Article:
June 2014 Church & State | People & Events

Discredited Religious Right activist David Barton is at it again. This time he is claiming that it is bad for America that women have the right to vote.

During a May 1 broadcast of his WallBuilders radio program, Barton pined for the supposed “glory days” that existed prior to 1920. He spoke approvingly of the fact that women used to be barred from voting because that is what the Bible recommends.

“So family government precedes civil government and you watch that as colonists came to America, they voted by families,” he said. “And you have to remember back then, husband and wife, I mean the two were considered one. That is the biblical precept....That is a family that is voting. And so the head of the family is traditionally considered to be the husband and even biblically still continues to be so.”

As usual, Barton is incorrect. According to historians working at Colonial Williamsburg in Virginia, Barton’s retelling is inaccurate.

“[T]ypically, white, male property owners twenty-one or older could vote,” an article on the historical site’s website says. This did not include any representation for women, who were not simply counted as voting when their husband did. The scholars at Williamsburg also noted that early America was far from democratic. 

“In practice, moreover, relatively few of the nation’s inhabitants were able to participate in elections: among the excluded were most African Amer­icans, Native Americans, women, men who had not attained their majority, and white males who did not own land,” the article goes on to say.

Nonetheless, Barton contended that since women gained the right to vote in 1920, in the United States, “we’ve moved into more of a family anarchy kind of thing.”

“[T]he bigotry we’re told they held back then, they didn’t hold,” he said, apparently ignoring the fact that women had few legal rights and African Americans were enslaved. “And what they did was they put the family unit higher than the government unit and they tried to work hard to keep the family together.”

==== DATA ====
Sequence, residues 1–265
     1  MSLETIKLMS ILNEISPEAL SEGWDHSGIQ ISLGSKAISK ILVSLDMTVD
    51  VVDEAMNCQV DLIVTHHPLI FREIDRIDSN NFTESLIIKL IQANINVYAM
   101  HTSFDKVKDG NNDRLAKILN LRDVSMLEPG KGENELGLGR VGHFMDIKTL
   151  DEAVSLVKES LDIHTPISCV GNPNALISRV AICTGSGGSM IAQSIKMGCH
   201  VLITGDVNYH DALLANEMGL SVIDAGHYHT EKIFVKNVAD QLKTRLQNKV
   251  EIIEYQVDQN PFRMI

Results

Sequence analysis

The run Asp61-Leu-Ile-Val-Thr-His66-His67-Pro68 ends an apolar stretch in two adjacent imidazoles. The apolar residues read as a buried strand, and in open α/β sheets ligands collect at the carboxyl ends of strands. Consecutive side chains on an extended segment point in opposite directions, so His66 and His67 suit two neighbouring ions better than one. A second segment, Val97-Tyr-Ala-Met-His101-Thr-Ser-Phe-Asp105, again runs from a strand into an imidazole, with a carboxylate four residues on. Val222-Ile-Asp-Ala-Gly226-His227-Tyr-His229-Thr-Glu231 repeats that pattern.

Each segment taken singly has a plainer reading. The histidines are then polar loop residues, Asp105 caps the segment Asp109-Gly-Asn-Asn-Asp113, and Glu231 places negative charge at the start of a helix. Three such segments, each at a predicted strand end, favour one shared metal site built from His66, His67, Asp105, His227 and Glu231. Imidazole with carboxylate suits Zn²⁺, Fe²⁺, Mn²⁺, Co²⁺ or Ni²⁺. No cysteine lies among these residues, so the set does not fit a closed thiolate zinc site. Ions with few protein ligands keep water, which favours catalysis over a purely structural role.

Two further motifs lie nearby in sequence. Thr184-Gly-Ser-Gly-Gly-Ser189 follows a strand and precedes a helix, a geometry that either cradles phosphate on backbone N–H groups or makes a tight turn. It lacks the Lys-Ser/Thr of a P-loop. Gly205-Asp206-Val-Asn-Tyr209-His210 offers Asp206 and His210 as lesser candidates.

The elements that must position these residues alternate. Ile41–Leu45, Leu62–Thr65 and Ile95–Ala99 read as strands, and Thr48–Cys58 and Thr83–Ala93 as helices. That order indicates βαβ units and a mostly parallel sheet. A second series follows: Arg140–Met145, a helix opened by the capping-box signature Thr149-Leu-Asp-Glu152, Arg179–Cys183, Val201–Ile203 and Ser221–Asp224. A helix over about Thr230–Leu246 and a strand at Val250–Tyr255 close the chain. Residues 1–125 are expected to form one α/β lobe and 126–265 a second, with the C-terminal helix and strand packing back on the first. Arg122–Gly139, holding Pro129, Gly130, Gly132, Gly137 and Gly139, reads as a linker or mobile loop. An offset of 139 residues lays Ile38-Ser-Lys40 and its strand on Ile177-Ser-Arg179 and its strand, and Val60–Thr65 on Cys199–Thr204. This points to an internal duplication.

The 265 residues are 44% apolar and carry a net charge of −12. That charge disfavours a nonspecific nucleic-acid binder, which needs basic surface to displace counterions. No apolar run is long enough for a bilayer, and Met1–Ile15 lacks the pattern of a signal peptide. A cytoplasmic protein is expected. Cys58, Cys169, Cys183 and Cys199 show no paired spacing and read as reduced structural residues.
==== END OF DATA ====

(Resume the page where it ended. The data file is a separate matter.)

Barton went on to blame the supposed decline of the family for the downfall of America.

“And, as we can show in two or three hundred studies since then, the more you weaken the family, the more it hurts the entire culture and society.”

Barton concluded by claiming that before women could vote, America was “a strong culture, a strong society, and it was based on a strong family that preceded government. And they crafted their policies to protect a strong family.”

The real reason Barton and his allies fear women voters is that, statistically, they tend to support Demo­crats more than Republicans. In recent years, this “gender gap” had made a difference in national elections.

In August 2012, Bryan Fischer, director of issues analysis for the American Family Association, took note of this. Fischer asserted that the only reason President Barack Obama was running closely with then-GOP presidential candidate Mitt Romney in polls was because women supported him. “Women’s suffrage only thing keeping Obama in the game: Obama down 8 with men, up 8 with women,” Fischer tweeted.

Barton suffered a major humiliation two years ago after the publisher of his book The Jefferson Lies pulled the tome from circulation. Historians and academics, including several conservative Christians, had scored the book for its numerous errors. In response, the publishing firm Thomas Nelson withdrew the book from circulation.

Barton didn’t let the controversy slow him down. He continues to publish material and lecture before crowds of fundamentalist Christians. Warren Throckmorton, a prominent Barton critic who is a professor of psychology at Grove City College in Pennsylvania, noted that Barton recently spoke at a prayer breakfast in Melbourne, Fla., and at Urbana University in Ohio.

In an interview with Florida Today newspaper, Barton even implied that The Jefferson Lies will be reissued.

“Thomas Nelson withdrew the book after two professors criticized it,” Barton said. “But it’s coming back out at some point. You can’t just get rid of history simply because you don’t like it.”